No items found

Incorporating Tai Chi Can Help Control Obesity, Especially in Older Adults

Share on facebook
Share on twitter
Share on linkedin
Share on email

Key Takeaways

  • Tai chi is beneficial for management of central obesity among older adults.
  • Relative to control, both intervention groups showed reductions in WC; both groups also had decreases in body weight and attenuation of the decrease in high-density lipoprotein cholesterol level relative to controls.
  • In both the TC and EX groups, the favorable changes in WC and body weight were maintained at week 38, while the beneficial effect on HDL-C was only maintained in the TC group.

HealthDay News–Tai chi is beneficial for management of central obesity among older adults, according to a study published in the Annals of Internal Medicine.

Parco M. Siu, Ph.D., from the University of Hong Kong, and colleagues conducted a randomized trial to examine the therapeutic efficacy of tai chi for management of central obesity. A total of 543 participants aged 50 years or older with central obesity were randomly assigned to a control group with no exercise intervention, conventional exercise consisting of aerobic exercise and strength training (EX group), or a tai chi group (TC group; 181 in each group). The interventions were for 12 weeks.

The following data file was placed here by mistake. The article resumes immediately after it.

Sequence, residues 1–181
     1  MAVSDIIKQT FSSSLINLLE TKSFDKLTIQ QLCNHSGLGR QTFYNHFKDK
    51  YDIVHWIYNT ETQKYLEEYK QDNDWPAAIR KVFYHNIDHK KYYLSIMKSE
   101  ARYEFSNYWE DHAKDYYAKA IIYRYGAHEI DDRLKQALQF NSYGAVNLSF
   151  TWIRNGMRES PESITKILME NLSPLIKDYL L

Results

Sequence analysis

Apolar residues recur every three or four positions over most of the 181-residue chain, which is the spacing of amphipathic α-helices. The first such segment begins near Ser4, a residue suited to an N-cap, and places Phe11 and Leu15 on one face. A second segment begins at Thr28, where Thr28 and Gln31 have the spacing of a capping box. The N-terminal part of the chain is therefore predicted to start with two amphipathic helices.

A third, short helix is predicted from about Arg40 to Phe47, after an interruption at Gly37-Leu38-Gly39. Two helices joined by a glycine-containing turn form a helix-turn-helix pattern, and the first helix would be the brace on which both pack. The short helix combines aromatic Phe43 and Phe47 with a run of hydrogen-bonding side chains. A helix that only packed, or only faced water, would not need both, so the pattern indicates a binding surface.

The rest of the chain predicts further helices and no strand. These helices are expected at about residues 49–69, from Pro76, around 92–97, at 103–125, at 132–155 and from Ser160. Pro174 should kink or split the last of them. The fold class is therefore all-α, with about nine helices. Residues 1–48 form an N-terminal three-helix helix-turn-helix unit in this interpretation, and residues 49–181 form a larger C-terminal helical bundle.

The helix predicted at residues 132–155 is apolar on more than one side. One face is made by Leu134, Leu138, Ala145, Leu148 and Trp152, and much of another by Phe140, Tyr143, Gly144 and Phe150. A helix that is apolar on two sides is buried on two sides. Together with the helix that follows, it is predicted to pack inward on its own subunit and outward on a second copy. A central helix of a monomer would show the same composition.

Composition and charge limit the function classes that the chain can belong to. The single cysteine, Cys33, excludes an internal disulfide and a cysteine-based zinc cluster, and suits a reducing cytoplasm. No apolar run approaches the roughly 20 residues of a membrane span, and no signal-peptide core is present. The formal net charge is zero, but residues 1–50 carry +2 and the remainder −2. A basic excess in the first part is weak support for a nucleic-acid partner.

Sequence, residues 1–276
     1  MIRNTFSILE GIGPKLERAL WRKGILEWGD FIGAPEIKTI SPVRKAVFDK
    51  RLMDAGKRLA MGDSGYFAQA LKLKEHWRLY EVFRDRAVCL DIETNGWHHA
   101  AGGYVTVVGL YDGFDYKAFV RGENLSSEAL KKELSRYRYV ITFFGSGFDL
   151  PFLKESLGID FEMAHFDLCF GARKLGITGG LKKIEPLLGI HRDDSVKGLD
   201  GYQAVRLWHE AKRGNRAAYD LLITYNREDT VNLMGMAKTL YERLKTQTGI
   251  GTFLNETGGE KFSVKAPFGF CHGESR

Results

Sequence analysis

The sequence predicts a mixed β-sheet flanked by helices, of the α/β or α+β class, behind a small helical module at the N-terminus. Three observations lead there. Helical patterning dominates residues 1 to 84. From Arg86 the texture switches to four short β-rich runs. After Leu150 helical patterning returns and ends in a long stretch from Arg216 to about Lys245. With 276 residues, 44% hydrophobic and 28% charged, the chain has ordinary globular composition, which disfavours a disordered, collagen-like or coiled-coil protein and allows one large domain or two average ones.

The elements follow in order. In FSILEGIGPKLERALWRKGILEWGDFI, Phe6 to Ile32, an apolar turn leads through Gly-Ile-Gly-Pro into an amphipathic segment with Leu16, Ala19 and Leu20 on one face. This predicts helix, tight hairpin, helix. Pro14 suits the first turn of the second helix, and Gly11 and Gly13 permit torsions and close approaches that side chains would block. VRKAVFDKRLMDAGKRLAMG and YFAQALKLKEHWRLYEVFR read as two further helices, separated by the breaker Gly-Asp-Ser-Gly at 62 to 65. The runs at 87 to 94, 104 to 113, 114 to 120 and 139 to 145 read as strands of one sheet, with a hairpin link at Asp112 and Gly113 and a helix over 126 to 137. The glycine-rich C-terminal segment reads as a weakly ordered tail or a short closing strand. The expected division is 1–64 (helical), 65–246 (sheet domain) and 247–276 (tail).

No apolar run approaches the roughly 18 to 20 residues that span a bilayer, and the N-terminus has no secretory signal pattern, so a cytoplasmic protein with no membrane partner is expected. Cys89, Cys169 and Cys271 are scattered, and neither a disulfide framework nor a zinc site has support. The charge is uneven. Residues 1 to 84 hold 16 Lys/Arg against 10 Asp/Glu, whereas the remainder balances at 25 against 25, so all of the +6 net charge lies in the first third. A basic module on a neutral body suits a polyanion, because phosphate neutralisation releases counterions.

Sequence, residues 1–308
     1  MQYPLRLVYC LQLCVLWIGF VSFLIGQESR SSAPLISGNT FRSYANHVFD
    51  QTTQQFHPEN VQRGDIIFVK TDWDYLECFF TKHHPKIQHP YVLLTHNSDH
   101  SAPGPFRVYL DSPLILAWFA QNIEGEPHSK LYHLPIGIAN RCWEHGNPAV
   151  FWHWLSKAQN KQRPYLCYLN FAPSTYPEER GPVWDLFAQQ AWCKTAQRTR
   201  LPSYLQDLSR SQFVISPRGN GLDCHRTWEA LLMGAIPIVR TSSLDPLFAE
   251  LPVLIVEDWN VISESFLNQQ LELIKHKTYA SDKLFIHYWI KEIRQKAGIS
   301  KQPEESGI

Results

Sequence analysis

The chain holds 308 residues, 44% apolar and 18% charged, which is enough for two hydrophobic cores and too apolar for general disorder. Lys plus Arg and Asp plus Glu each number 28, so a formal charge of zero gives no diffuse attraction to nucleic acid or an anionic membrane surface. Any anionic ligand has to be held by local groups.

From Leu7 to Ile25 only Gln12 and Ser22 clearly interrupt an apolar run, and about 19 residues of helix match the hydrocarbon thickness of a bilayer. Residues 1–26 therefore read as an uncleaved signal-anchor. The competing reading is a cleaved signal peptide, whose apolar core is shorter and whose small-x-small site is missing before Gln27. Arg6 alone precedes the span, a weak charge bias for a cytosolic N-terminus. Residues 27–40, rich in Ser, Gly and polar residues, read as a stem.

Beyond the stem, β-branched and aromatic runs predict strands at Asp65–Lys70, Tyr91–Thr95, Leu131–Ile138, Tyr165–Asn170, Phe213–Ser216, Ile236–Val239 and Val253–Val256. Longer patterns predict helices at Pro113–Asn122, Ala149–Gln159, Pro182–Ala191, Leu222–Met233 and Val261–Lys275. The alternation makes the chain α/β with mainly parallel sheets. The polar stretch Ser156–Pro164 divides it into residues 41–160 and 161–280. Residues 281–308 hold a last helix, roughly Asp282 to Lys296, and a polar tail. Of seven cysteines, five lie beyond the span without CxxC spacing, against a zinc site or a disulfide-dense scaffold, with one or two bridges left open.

The researchers found that in the control group, the adjusted mean difference in waist circumference (WC) was 0.8 cm from baseline to week 12. Relative to control, both intervention groups showed reductions in WC (adjusted mean differences, −1.8 and −1.3 cm for TC and EX, respectively); both groups also had decreases in body weight and attenuation of the decrease in high-density lipoprotein cholesterol (HDL-C) level relative to controls. In both the TC and EX groups, the favorable changes in WC and body weight were maintained at week 38, while the beneficial effect on HDL-C was only maintained in the TC group.

“Our findings support the notion of incorporating tai chi into global physical activity guidelines for middle-aged and older adults with central obesity,” the authors write.

Abstract/Full Text (subscription or payment may be required)

Leave a Reply

Your email address will not be published. Required fields are marked *

Want to continue reading this article?

Log in to your account